Tag Archives: operant conditioning

I feel like a pigeon…

Photo courtesy of thierr26.free.fr (under Creative Commons licence: http://creativecommons.org/licenses/by-nc-sa/2.5/)

One of the famous tests by behavioural psychologist B.F. Skinner was an experiment in which food was presented to hungry pigeons at pre-determined intervals. The pigeons in the experiment would then associate whichever random behaviour they happened to be performing at the time (e.g. pecking at a particular spot, nodding its head, walking in a circle, etc.) with the appearance of the food, and a type of learning called operant conditioning would take place.

Each pigeon would keep displaying the random behaviour until the food re-appeared, thereby reinforcing the association and strengthening the false association between cause and effect. This was interpreted by Skinner as the pigeons showing ‘superstitious’ behaviour. In fact, as demonstrated on illusionist Derren Brown’s TV programme, this seems to work in humans too.

So why am I writing about pigeons? Well, I feel like I’m experiencing my own version of this superstitious behaviour with our little boy. It’s probably fair to say that he’s at the lower end of the bell curve of hours of sleep per day, given the average of around 16 hours a day. So we find ourselves having to do a lot of soothing between his unerringly regular feeds.

This means we’ve taken to all sorts random behaviours, from sitting him in a particular chair to playing Bach DVDs. Sometimes one of these will work and we then become convinced that that is what he needs to lull him to sleep.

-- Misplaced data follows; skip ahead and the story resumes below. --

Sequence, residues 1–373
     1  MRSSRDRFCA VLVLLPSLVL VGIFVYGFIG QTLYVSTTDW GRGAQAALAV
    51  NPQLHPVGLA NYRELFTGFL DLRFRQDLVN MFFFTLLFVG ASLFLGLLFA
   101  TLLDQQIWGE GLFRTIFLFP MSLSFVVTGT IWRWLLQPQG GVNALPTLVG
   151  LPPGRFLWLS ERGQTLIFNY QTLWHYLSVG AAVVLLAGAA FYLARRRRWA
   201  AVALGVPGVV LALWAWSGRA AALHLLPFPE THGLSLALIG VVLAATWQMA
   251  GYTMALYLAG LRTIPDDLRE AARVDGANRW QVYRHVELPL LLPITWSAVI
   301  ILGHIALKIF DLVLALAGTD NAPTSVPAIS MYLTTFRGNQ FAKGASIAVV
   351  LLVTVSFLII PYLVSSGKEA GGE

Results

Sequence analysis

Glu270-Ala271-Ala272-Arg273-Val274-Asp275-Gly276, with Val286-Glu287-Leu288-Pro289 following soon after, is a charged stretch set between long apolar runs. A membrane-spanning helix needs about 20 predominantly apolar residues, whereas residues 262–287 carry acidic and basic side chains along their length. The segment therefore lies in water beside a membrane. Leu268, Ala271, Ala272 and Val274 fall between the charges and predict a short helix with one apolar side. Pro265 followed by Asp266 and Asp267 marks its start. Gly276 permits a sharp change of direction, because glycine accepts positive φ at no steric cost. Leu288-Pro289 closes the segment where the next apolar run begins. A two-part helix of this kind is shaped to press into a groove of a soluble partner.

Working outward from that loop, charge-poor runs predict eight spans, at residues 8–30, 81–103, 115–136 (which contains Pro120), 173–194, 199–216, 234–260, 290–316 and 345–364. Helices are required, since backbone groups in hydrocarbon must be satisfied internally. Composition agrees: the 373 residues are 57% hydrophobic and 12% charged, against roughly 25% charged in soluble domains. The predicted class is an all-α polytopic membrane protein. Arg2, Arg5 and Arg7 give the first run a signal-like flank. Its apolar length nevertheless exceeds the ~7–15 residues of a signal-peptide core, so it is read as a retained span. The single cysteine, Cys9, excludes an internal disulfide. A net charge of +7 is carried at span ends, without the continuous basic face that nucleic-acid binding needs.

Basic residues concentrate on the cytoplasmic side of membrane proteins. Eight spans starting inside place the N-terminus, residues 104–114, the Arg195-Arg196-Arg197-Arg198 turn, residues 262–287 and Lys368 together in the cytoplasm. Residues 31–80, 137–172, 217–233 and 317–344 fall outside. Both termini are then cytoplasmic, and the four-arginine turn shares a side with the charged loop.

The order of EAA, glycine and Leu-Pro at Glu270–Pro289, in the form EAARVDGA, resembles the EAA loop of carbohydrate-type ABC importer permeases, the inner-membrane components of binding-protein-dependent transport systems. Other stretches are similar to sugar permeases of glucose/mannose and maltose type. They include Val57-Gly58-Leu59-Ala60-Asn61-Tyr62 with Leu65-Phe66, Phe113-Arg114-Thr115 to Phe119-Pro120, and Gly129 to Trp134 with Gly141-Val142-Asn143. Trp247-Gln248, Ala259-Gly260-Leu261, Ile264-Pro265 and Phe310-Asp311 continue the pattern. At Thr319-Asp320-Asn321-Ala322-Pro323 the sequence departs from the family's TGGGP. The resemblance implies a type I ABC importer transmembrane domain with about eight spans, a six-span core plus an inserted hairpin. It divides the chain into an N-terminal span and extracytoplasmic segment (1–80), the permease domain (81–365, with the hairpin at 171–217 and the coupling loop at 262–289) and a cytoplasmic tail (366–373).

It’s also very tempting to start to draw conclusions about what he does and doesn’t like on a higher emotional level, especially when a smile or a fixated stare coincides with a stimulus. It seems that early newborn smiling does not necessarily carry any emotional content and is rather a spontaneous event for up to at least one month. Their vision also has a long way to go in development. Any stimulus that co-occurs with such a behaviour can easily be causally linked in the observer’s mind, which obviously has implications for the emotional state projected upon the infant.

Clearly, social smiling and cognitive awareness do start to develop within the first few months of a baby’s life, but I thought I’d make this cautionary note on an intriguing behavioural trait that we all exhibit from time to time.

And it may be the case that walking sends my son to sleep, but I can’t help feeling like a pigeon when I’m on my third lap of the block.

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